If you would go same latitude on the Atlantic Ocean coast in the Southern Hemisphere, say Rio Grande do Sul.  The average highs this week will be 55f and 40f for lows.  It should be the same temperatures in Rio Grande today as it would be where I live at in April/May.   Our average highs in May are 85f and 65f for lows. The temperatures are no where close to one another.
Does the Sun increase in elevation as it gets closer to January?

Hi, in flat Earth theory (FET), the Sun moves about about in the sky above the Earth according to the following:

https://wiki.tfes.org/Flat_Earth_-_Frequently_Asked_Questions#How_do_you_explain_day.2Fnight_cycles_and_seasons.3F

In round Earth theory (RET), the Earth rotates around a tilted axis, and the part of the Earth tilted towards the Sun receives more light directly compared to the part that is tilted away.  Think of it like shining a torch at a piece of paper.  Do it straight on and you see a bright circle.  That's summer.  Tilt the paper, and that the same amount of light turns into an oval and is spread over a larger area.  That's winter.  As the Earth orbits the Sun, over the course of a year it's always summer for some locations and winter for other locations at the same time (i.e. 31 north can be hotter than 31 south):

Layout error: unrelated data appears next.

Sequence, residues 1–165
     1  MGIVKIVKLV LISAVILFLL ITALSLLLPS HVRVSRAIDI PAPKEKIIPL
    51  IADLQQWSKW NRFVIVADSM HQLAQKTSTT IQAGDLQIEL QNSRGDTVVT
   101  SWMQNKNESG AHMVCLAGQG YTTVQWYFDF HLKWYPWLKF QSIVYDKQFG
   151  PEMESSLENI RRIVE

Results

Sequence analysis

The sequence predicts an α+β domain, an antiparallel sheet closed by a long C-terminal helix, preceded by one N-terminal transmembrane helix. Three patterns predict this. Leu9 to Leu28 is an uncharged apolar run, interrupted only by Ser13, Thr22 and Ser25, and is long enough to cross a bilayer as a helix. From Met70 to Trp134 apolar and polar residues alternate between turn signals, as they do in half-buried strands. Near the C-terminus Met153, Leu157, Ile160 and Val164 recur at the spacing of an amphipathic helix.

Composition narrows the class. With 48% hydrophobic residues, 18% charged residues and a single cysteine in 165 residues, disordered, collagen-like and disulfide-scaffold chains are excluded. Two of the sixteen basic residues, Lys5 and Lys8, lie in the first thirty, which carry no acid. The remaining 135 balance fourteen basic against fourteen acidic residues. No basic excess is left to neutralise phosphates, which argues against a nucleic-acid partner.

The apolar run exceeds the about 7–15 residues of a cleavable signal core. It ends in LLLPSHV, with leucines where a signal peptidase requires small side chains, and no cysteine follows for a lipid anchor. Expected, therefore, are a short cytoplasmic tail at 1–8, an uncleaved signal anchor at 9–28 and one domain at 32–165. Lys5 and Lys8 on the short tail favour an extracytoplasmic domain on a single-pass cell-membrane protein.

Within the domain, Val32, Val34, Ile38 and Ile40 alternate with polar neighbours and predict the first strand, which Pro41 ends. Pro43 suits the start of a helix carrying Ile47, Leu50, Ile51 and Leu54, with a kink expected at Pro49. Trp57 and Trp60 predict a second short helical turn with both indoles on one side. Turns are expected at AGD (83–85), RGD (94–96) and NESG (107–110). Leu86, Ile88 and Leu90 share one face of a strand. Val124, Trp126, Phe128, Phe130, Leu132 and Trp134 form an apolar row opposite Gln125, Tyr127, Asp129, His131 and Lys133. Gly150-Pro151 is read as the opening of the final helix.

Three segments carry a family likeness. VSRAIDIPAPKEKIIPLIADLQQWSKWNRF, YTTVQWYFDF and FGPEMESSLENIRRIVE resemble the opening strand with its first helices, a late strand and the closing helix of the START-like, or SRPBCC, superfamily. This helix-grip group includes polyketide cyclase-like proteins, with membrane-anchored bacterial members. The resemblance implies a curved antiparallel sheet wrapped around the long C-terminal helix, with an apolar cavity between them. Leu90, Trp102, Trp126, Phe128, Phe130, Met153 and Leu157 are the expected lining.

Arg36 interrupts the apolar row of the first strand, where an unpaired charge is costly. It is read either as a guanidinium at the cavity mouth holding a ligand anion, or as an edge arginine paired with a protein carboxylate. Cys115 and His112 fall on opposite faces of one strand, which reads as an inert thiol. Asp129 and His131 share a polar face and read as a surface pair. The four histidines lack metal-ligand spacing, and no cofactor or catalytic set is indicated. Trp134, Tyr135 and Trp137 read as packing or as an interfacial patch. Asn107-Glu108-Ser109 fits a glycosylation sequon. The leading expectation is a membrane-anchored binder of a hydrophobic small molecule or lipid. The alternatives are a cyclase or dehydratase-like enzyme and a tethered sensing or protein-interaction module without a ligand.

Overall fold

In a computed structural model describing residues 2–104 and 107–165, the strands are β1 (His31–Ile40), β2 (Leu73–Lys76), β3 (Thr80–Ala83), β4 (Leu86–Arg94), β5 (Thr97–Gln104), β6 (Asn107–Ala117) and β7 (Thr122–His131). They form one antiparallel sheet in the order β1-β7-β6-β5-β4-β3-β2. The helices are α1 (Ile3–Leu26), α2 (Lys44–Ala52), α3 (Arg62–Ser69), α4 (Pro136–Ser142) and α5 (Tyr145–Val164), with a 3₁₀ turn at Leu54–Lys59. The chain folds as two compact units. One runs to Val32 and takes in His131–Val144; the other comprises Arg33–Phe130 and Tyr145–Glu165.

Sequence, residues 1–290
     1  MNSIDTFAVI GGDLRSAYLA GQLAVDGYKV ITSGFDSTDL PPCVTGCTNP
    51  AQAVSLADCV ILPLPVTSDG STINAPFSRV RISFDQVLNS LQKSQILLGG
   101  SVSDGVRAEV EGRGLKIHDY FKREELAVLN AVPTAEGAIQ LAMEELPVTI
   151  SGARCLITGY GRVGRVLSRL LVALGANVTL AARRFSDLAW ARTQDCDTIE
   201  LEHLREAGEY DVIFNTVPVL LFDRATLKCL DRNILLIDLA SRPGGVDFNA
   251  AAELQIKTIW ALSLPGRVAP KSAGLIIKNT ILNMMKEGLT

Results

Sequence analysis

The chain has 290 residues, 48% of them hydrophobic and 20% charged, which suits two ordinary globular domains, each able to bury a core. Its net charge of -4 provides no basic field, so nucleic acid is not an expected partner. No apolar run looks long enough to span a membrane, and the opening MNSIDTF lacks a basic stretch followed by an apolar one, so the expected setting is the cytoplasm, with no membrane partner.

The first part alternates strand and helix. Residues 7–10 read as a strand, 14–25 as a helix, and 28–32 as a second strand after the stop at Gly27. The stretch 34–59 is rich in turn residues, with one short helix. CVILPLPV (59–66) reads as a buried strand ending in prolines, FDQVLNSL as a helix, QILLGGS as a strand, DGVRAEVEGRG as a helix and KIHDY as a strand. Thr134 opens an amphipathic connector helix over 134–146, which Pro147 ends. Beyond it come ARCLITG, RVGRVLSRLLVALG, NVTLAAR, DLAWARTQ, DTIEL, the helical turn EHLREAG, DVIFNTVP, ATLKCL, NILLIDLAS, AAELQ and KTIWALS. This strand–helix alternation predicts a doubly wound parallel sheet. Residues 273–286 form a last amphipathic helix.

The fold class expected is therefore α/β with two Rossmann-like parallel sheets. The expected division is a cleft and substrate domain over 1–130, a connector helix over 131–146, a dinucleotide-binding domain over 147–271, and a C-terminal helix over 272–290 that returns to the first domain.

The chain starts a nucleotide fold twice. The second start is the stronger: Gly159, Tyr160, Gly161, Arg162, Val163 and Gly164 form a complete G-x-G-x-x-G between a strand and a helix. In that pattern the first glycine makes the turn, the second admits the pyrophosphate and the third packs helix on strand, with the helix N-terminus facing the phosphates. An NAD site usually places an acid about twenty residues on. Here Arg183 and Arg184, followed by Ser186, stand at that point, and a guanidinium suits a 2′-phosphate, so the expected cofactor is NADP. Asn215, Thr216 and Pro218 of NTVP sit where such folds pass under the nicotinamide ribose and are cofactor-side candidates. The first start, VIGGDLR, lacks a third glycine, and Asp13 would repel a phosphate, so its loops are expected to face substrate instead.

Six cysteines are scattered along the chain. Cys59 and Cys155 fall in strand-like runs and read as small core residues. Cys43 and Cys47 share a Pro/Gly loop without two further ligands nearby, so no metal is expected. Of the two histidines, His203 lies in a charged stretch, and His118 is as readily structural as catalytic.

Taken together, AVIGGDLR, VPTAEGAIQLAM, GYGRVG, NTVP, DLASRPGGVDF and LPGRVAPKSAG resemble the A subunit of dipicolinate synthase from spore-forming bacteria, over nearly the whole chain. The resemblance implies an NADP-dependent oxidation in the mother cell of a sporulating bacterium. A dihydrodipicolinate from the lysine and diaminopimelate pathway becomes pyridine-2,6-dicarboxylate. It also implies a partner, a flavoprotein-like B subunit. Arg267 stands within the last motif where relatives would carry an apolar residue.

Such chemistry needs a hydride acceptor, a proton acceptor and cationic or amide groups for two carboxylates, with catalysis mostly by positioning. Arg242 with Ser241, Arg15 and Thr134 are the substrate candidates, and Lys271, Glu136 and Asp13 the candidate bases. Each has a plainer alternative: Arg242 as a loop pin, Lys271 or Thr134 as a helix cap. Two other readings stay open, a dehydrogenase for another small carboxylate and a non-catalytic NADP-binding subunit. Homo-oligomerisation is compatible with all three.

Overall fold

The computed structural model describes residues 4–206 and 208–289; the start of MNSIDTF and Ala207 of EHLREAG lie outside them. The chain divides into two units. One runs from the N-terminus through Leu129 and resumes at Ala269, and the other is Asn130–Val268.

https://spaceplace.nasa.gov/seasons/en/

Which model you choose to believe is really the crux of the question, not really what causes the difference in temperatures because both account for it.